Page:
Major Power Outages In New York City, San Francisco Come Amid Worries About Failing Infrastructure

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Major power outages caused chaos on mass transit systems in both New York and San Francisco Friday, with parts of both cities’ systems still suffering ongoing outages or delays into the pre-weekend afternoon commute.

The outages occurred on the heels of an Infrastructure Report Card that gave poor grades to both mass transit and power systems across the country.

In New York, platforms were packed and riders were stuck underground in the dark when an outage in Midtown Manhattan backed up trains all over the city Friday morning. Gov. Andrew Cuomo said a Con Edison equipment failure knocked out signals, escalators, communications and lights at the station.

Hundreds of riders were packed inside a D train when it got stuck in a tunnel just short of the subway stop at Seventh Avenue and 53rd Street after the signals lost power around 7:30 a.m.

Con Edison brought in temporary generators as crews made repairs. At one point, red tape blocked the entrance to the 53rd Street and Seventh Avenue station, where two police officers redirected subway riders while the power was out, 1010 WINS’ Roger Stern reported.

A continent away in San Francisco, a power outage forced the closure of the busy Montgomery BART Station, and also knocked out traffic lights and cable car lines. The Montgomery station is a key stop all BART lines coming into the city.

A fire broke out at a utility substation and vault facility in San Francisco’s Tenderloin District Friday. It was not known if that was the source of the outage, CBS San franscisco reported.

Numerous tweets Friday noted that New York and San Francisco were experiencing major power outages in the same day – some with snide remarks, others with fear.


Earlier this year, the American Society of Civil Engineers rated the nation’s energy system with a D+, and the mass transit system with a D-.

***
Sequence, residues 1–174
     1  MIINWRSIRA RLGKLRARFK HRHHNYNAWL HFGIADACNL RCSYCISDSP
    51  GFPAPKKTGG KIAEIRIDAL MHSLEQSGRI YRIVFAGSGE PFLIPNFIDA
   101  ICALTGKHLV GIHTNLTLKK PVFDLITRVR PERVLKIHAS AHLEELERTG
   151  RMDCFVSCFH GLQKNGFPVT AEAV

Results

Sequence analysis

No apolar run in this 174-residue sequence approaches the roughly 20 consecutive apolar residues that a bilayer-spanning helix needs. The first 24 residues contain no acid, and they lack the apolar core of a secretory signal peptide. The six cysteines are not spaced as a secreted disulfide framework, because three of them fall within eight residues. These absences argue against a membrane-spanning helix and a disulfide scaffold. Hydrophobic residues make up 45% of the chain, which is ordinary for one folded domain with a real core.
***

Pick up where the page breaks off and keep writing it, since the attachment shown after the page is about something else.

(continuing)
The organization’s 2017 Infrastructure Report Card noted that much of the U.S. energy system dates back before the turn of the 20th century, and most electric transmission and distribution lines were constructed in the 1950s and ’60s with a now-exceeded life expectancy of 50 years.

“Without greater attention to aging equipment, capacity bottlenecks, and increased demand, as well as increasing storm and climate impacts, Americans will likely experience longer and more frequent power interruptions,” the report warned.

Meanwhile, the Infrastructure Report Card also said chronically underfunded mass transit systems have resulted in aging infrastructure and a $90 billion rehabilitation backlog.

The report noted that American transit systems carried 10.5 billion passenger trips in 2015 – up 33 percent from 1995. But the report said 10 percent of the nation’s city bus fleet and 3 percent of the nation’s rail fleet are not in a “state of good repair.”

The report specified that older heavy rail systems in several cities – including New York and San Francisco – are “confronting the challenges and consequences of rider demand, years of deferred maintenance, and chronic funding problems.”

On energy, the report called for a federal policy that acknowledges future demands, and for policies that allow for the construction of new transmission lines.

On transportation, the report called for more investment at all levels of government to fix the deferred maintenance crisis, and also called for reliable federal funding through a higher motor fuels tax.

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